At 8:27 PM -0800 12/12/08, John Willkie wrote:
Speaking for myself, Quicktime sounds to be as crappy (no full-screen video) on Apples as on PCs.
You are wrong about this John - see "Enter Full Screen"
Bloat, if only because they bundle itunes (even when you get the version purported to not have bundled itunes) and Apple updater.
No. Perceived bloat is associated with the robust feature set and long lost fo codecs that allow you to transcode and produce media files.
And you do not need to download iTunes: http://support.apple.com/downloads/QuickTime_7_5_5_for_Windows
Also not free due to the time and trouble answering repeatedly that you don't want to update the application. I removed the key for Apple quicktime updater from my registry hive last night. It's not the last time I will have to remove it.
Apple removed this annoying feature months ago because of protests from Windows users.
Closer to evil than anything else. When you go for the updating, you first have to indicate that you don't want to buy Quicktime pro.
I was working with Apple when the whole concept of QuickTime Pro was created. This was driven by the perceived need to have revenues to offset development costs. I pay the Pro Upgrade cost because it enables a number of features that I use frequently. And you only pay once for each major release - i.e. from the 6 series to the 7 series; typically 2-3 years.
And, who in their right mind (i.e., on a PC) would use the Apple Quicktime SDK? It's no doubt just as easy to add Quicktime codecs using the Windows Media Format SDK.
Someone who wants to extend the functionality of QuickTime on a PC to enhance their application.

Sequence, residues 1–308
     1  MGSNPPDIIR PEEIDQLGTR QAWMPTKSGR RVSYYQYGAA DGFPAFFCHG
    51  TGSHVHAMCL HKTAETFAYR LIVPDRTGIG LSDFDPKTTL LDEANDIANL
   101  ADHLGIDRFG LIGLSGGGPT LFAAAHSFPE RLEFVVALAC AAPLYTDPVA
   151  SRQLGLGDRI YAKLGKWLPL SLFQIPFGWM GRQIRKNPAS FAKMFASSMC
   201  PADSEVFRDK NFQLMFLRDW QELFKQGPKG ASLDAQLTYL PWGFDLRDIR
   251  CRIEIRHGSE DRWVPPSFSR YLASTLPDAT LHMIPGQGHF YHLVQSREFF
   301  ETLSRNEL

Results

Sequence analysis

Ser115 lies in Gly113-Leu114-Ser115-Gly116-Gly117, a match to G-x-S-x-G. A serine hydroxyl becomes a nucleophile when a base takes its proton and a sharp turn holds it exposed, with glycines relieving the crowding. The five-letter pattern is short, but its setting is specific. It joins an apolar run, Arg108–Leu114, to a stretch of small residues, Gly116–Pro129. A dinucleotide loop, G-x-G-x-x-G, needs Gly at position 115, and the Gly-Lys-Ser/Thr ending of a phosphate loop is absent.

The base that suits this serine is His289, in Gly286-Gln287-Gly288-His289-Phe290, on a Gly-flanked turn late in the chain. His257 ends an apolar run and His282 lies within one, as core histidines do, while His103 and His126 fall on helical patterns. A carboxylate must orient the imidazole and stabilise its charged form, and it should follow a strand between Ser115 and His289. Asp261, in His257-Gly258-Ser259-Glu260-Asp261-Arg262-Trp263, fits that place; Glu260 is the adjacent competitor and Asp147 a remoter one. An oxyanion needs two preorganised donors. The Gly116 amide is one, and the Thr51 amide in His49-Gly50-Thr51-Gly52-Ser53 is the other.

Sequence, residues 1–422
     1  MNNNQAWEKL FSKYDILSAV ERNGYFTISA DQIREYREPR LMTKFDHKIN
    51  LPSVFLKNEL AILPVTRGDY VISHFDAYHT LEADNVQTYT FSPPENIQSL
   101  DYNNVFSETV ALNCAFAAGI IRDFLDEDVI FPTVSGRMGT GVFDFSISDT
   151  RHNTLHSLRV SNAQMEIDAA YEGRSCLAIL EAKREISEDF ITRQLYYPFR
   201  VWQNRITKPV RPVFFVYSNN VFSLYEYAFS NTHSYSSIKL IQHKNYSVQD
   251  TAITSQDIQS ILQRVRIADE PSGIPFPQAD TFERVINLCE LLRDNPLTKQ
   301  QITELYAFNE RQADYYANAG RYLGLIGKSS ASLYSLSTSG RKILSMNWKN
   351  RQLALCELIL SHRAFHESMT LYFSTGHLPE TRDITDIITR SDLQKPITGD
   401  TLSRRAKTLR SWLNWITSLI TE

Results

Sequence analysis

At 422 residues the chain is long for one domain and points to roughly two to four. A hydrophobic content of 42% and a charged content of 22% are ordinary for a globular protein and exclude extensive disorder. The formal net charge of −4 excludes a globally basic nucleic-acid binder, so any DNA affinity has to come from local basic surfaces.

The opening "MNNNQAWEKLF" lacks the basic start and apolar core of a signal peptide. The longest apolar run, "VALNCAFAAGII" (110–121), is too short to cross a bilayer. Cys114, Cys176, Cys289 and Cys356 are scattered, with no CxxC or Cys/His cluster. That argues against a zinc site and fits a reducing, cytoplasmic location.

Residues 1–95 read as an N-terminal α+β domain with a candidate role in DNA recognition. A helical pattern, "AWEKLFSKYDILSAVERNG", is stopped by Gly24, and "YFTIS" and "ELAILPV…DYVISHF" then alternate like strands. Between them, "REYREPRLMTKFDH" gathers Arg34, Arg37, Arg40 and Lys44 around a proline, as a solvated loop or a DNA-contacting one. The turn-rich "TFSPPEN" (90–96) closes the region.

John Willkie, who somehow seems to know just a bit about Quicktime, despite what Craig says.
What "we" know John, is that you have a chip on your shoulder about QuickTime. This is not surprising, as most 'programmers' who work on PCs do not like to admit that there are other better development environments out there. In many cases - certainly for you - this is driven by the availability of tools that help with your development work.
To be fair, QuickTime is far more useful on a Mac than a PC, as it is tightly integrated with the OS and many applications - especially the iLife (content creation) applications that come with every Mac. This is a contributing factor in the increase in Mac market share among consumers.
On the PC QuickTime provides the plumbing to support iTunes. About 75% of the installed base of iPod users run iTunes on a PC. And then there are the folks that have iPhones...
While you may not like using QuickTime John, the halo effect of using iTunes on a PC is credited as the primary motivation for a significant portion of the consumers who have moved from PCs to the Mac. And the Mac is now growing rapidly as a development platform thanks to Xcode and the App Store.
We could start a thread on the headaches of using a PC as a development platform...
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